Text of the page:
Leading hospitality businesses have joined UKHospitality’s calls for the crucial festive season to be protected and for an urgent resolution to the ongoing rail dispute.
Iconic hospitality brands, including Wasabi, Greene King, Fuller’s, and Mitchells & Butlers have signed an open letter, alongside UKHospitality, to the Transport Secretary, RMT, ASLEF and Rail Delivery Group, urging them to ‘redouble efforts’ to resolve the ongoing dispute.
It comes as fresh rail strikes, beginning today, are set to cost the sector up to £400 million, on top of the £3.5 billion already lost over the last 16 months.The letter, signed by 37 leading hospitality businesses, urged both rail unions to make a public commitment to not strike during the critical festive period, to avoid significant economic harm to the sector.
In the open letter, the group says: ““The significance of the festive season to our sector cannot be overstated. It represents a crucial time when we traditionally see a substantial portion of our annual revenue generated, crucial to enabling venues to operate during the quiet months at the start of the year.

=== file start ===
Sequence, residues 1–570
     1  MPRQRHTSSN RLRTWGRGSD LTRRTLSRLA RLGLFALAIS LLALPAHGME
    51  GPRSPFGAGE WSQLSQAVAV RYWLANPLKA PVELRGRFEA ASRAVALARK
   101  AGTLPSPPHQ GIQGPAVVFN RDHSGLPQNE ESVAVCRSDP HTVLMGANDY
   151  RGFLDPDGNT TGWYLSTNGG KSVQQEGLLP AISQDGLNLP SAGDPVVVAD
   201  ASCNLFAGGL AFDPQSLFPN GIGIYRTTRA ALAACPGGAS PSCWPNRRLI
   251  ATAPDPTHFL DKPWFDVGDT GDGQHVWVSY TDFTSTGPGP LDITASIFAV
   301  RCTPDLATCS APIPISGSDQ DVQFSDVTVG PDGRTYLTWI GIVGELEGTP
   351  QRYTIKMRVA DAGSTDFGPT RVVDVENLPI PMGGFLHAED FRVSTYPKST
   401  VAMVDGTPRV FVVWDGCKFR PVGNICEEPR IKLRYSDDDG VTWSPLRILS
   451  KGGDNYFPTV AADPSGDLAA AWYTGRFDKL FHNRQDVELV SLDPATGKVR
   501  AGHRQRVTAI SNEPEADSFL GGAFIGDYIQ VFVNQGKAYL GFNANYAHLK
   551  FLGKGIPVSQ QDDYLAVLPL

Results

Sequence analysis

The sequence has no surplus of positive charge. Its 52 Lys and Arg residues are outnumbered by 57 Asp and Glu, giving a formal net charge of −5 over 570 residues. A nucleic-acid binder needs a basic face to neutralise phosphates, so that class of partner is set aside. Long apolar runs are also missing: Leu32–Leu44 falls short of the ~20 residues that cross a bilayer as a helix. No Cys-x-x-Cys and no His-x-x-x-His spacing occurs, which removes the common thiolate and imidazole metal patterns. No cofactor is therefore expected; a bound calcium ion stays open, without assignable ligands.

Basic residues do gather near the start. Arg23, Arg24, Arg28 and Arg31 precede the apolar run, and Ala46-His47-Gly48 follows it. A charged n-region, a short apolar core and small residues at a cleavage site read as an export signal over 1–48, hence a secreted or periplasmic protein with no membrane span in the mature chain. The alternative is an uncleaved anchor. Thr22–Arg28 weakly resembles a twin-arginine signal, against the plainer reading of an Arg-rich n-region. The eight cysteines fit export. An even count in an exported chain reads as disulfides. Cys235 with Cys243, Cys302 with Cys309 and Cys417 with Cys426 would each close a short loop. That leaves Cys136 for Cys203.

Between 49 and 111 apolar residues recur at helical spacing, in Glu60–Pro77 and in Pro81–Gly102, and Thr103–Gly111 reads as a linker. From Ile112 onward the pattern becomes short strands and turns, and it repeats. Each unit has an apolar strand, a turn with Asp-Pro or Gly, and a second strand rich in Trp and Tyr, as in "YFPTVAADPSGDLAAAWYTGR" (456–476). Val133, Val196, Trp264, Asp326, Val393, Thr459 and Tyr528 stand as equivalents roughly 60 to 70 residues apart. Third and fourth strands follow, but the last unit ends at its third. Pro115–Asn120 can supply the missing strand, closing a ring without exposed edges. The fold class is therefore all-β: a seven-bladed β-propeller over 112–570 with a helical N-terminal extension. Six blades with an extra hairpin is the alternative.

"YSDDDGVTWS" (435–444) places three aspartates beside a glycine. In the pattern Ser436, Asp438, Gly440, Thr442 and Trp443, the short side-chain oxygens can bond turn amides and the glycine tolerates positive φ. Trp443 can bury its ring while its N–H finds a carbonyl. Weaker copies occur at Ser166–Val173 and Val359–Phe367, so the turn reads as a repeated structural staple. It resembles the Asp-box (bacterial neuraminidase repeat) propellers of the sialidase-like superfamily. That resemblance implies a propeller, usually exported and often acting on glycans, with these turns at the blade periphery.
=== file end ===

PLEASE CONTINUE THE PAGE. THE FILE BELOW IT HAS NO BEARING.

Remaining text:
“The festive season is a crucial period for our workforce: missed shifts and subsequent lost earnings – including lost income from tips – would be most acutely felt around Christmas.
“We are urging the rail unions to make a public commitment to not strike during the critical festive period. Striking would cause significant harm to hospitality businesses, undermine workers’ ability to earn and disrupt the plans of hard-working families across the country.”
All types of hospitality businesses have been affected by the strikes, from city centre food-to-go to family-run pubs on the Kent coast.
Neil Sebba, Managing Director of Tossed, said the ongoing strikes had been ‘extremely debilitating’, as a business that depends on the flow of office workers.
Beds & Bars, which operates pubs, tourist accommodation and entertainment venues, said its sales were down 70%, on average, on strike days. Keith Knowles, its CEO, said its staff were significantly affected in being unable to get to work.
Phil Thorley runs Thorley Taverns, with almost 20 pubs in Kent, and said strikes had ‘decimated’ the number of visitors from London to the Kent coast. He said it had ‘deeply affected’ trade.